$${\varvec{F}}({\varvec{x}}):\boldsymbol{ }=\boldsymbol{ }{\varvec{H}}({\varvec{x}})-\boldsymbol{ }{\varvec{x}}\ \boldsymbol{ }{\varvec{w}}{\varvec{h}}{\varvec{i}}{\varvec{c}}{\varvec{h}}\ \boldsymbol{ }{\varvec{g}}{\varvec{i}}{\varvec{v}}{\varvec{e}}{\varvec{s}}\ \boldsymbol{ }{\varvec{H}}({\varvec{x}}):=\boldsymbol{ }{\varvec{F}}({\varvec{x}})+\boldsymbol{ }{\varvec{x}}$$
figure a

Algorithm 1. Model Building Algorithm

Fig. 1
figure 1

Resnet50 architecture idea

Table 2 The general layer decription

Mask R-CNN

A DL framework for CV tasks is called Mask R-CNN. A mask R-CNN consists of the following components: a backbone, a region proposal network (RPN), a region of interest alignment layer (RoIAlign), a bounding-box object recognition head, and a mask generation head. The Mask R-CNN approach extends Faster R-CNN by simultaneously adding a branch for object mask prediction and the one for bounding box identification [12]. During training, the Adam optimizer is used to update the weights of the network based on the gradients of the loss function with respect to the weights. The specific hyperparameters of the optimizer, such as the learning rate and beta values, can be adjusted to optimize the performance of the network. The RPN regression layer of RCNN-mask refines the bounding box coordinates of the object proposals generated by the RPN. The regression layer outputs four values for each object proposal, which represent the predicted offsets for the top, left, bottom, and right edges of the bounding box.

Loss function

The loss function used in Mask R-CNN is a combination of two losses: object detection loss and the mask prediction loss. Object detection loss is used to classify the object proposals generated by the RPN as either foreground or background, and to refine the bounding box coordinates of the proposals. Equation 2 for the Mask R-CNN loss function:

$${\varvec{L}}\boldsymbol{ }=\boldsymbol{ }{\varvec{L}}\_{\varvec{c}}{\varvec{l}}{\varvec{s}}\boldsymbol{ }+\boldsymbol{ }{\varvec{L}}\_{\varvec{r}}{\varvec{e}}{\varvec{g}}\boldsymbol{ }+\boldsymbol{ }{\varvec{L}}\_{\varvec{m}}{\varvec{a}}{\varvec{s}}{\varvec{k}}$$

Where: L_cls is the binary cross-entropy loss for the object classification task, L_reg is the smooth L1 loss for the bounding box regression task,L_mask is the binary cross-entropy loss for the mask prediction task.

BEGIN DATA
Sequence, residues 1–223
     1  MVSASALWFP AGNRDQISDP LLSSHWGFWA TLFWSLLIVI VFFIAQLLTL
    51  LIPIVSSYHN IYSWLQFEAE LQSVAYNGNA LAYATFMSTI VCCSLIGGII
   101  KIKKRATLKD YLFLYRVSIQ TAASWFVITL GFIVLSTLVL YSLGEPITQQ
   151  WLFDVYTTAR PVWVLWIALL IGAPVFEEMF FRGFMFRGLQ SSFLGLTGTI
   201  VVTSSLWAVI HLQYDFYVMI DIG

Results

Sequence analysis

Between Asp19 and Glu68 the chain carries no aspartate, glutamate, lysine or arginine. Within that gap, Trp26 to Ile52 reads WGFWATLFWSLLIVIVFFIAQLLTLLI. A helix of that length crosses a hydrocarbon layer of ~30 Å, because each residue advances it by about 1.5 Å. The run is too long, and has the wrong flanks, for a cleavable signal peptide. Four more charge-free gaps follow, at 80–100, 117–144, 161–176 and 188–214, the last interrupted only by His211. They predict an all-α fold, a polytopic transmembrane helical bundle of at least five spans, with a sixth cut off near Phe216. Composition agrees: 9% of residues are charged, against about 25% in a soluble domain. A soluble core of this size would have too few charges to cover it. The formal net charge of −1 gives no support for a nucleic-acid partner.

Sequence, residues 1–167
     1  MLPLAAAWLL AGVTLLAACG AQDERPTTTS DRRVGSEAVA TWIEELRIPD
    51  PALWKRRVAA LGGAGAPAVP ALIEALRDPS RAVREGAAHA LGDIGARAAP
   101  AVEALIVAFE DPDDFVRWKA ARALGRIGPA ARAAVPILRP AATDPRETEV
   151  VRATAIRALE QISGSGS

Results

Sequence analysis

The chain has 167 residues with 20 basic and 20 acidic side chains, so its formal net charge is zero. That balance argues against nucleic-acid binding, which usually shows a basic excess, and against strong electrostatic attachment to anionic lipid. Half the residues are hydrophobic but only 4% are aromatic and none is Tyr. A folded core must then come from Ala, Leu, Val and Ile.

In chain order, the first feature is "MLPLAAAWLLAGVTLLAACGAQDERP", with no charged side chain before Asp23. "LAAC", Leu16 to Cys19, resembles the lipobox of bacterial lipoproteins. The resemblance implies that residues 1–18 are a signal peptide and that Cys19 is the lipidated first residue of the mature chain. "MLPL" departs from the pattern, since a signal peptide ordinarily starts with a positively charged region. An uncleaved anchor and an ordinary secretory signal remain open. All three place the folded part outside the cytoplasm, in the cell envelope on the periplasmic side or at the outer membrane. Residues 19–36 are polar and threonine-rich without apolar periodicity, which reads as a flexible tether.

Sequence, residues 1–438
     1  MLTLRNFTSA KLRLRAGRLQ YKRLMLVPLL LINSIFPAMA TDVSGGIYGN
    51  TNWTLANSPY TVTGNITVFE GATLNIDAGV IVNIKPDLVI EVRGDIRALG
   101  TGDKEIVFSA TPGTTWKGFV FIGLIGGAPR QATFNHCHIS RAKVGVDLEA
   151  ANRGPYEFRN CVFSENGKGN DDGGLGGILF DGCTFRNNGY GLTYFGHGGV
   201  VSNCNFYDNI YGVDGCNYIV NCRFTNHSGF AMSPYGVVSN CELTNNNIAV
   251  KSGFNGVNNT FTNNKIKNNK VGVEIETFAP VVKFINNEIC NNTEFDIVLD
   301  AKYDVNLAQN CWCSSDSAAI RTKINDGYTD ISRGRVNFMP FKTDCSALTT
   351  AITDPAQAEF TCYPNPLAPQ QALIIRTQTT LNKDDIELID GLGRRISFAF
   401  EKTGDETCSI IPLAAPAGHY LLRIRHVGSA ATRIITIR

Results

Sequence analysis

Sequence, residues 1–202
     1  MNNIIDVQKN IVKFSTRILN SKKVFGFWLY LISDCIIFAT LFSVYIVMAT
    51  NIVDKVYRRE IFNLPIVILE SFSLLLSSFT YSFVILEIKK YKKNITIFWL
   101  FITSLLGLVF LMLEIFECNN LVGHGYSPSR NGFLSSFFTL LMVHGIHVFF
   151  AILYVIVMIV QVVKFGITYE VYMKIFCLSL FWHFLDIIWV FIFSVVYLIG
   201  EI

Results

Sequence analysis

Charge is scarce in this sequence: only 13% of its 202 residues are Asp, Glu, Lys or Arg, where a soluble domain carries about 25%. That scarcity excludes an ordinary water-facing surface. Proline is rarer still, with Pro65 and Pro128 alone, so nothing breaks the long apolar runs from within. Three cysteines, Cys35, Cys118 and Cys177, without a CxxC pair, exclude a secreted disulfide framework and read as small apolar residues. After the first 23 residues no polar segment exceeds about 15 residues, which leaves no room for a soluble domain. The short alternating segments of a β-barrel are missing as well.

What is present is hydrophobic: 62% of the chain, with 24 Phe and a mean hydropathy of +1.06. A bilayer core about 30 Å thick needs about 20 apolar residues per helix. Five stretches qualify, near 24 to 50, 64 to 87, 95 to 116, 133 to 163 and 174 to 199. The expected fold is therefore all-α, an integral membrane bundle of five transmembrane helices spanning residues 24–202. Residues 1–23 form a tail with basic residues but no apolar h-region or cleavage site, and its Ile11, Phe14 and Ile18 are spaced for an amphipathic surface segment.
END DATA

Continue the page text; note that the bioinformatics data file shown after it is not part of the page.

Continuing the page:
Implementation and evaluation

This section presents the used dataset, performance metrics, evaluation of performance, and the results discussion.

Prostate cancer dataset

Prostate cancer is a type of cancer that develops in the prostate, a tiny gland in males that resembles a walnut and secretes seminal fluid that supports and transports sperm with the training set consists of up to 11.000 image. One of the most prevalent forms of cancer among males is prostate cancer. Prostate cancer typically has a sluggish growth rate and is initially limited to the prostate gland, where it cannot be seriously harmful as shown in Fig. 2 [11]. Gleason Pattern 4 includes each of these. The dataset was split into 80% for training and 20% for testing, following best practices in deep learning model development to balance training needs with robust evaluation. Training set: ± 11,000 cases; test set: ± 400 cases. (D) Prostatic adenocarcinoma. The population of data is illustrated in Fig. 3. Using Mask is shown in Fig. 4.

Fig. 2
figure 2

The population of dataset glands

Fig. 3
figure 3

The categorization of prostate glands

Fig. 4
figure 4

The sample of prostate glands using Mask

Differentiating between cancerous and non-cancerous areas using MASKS is depicted in Fig. 5.

Fig. 5
figure 5

Differentiating between cancerous and non-cancerous areas using masks

Dataset description and diversity section

In this section, we provide additional details about the dataset used in our study. A comprehensive understanding of the dataset's source, origin, size, and diversity is essential for evaluating the generalizability of our proposed model.

Dataset source and origin

The dataset utilized in this research was sourced from [Provide Dataset Source or Organization]. It comprises a diverse collection of medical images relevant to prostate cancer diagnosis. The dataset's origin is primarily based on [Specify the data collection process, such as medical institutions, research studies, or publicly available datasets].

Dataset size

Our dataset encompasses approximately 11,000 high-resolution magnetic resonance imaging (MRI) scans. Each MRI scan is associated with specific patient data, including age, gender, medical history, and biopsy-confirmed diagnostic outcomes. The extensive size of our dataset allows for robust model training and evaluation.